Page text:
The complex functions that go on within our cells including the production of energy and proteins to sustain life all require water.  Exercise and workplace performance can be negatively impacted by less than adequate hydration (12).

      Exactly how much water we each need is a debated topic.  The Mayo Clinic recommends 3.7 liters per day for men and 2.7 liters per day for women.  20% of that is in the food that we eat (12).  Others in the scientific community have challenged the premise that eight large glasses of water per day is mandatory for good health (13).

      The main point is to stay well hydrated to effectively dissipate body heat and provide hydration for our molecular biological functions to proceed on a cellular level.  This will result in increased energy to perform the activities of daily living.

       

      SUMMARY

      The ability to work and enjoy leisure time activities is dependent on having an adequate level of energy.  We don’t all have the same metabolism or enjoy the same level of physical or mental activity.  Being conscientious about what we eat can help maintain a level of energy that allows us to pursue leisure time activities and be productive at work and the end result is a better quality of life.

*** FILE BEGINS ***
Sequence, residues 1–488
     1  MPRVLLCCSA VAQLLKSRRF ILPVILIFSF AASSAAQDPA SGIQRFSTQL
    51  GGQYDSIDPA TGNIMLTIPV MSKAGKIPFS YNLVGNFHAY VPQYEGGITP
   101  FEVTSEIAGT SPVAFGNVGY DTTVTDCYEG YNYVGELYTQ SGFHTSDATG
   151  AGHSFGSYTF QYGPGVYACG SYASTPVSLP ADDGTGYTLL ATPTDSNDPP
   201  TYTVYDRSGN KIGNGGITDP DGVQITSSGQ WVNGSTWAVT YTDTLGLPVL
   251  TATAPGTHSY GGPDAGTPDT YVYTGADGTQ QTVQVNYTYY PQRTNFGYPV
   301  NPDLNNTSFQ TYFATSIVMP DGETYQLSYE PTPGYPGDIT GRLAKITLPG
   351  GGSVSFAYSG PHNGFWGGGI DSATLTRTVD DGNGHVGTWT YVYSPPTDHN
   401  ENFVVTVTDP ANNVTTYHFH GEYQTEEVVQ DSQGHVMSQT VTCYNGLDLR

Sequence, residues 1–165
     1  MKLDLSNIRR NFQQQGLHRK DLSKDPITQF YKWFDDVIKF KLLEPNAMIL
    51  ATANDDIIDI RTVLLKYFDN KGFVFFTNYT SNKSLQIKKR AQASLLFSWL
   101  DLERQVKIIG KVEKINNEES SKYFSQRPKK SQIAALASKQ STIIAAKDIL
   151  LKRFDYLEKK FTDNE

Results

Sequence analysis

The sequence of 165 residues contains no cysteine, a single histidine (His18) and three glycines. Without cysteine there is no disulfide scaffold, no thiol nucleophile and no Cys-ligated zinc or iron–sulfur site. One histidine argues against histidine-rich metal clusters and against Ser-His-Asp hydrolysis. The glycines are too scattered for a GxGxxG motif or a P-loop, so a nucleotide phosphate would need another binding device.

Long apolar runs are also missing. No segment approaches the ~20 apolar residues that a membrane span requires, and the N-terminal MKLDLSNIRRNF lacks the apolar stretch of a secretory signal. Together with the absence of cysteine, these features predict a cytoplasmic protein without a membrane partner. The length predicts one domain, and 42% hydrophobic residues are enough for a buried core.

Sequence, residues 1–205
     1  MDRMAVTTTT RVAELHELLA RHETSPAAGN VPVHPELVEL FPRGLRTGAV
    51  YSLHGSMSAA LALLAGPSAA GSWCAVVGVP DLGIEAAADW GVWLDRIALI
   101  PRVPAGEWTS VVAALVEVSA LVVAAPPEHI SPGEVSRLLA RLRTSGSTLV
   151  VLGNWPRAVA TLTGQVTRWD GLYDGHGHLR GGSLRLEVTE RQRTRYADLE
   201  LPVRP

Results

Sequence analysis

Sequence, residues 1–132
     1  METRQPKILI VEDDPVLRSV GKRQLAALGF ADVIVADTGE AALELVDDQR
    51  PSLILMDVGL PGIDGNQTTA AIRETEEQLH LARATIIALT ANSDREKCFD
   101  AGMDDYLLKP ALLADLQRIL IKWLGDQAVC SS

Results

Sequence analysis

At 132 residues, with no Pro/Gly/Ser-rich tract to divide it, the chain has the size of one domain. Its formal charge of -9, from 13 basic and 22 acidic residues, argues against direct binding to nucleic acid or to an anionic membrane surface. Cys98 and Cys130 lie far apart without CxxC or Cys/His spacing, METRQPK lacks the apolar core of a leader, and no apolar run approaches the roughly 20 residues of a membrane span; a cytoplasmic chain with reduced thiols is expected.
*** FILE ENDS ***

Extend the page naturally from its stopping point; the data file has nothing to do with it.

BIBLIOGRAPHY

      1.    Andersson A et al, Towards a healthy diet: from nutrition recommendations to dietary advice; Scand J Food Nutr. 2007 Mar, 51(1): 31-40.

      2.    Grodner M et al; Nutritional foundations and clinical applications, 5th ed; Elsevier Mosby 2012:8-11.

      3.    Otten JJ, et al, editors: Dietary DRI References: The essential guide to nutrient requirements, Washington, DC, 2006, The National Academies Press.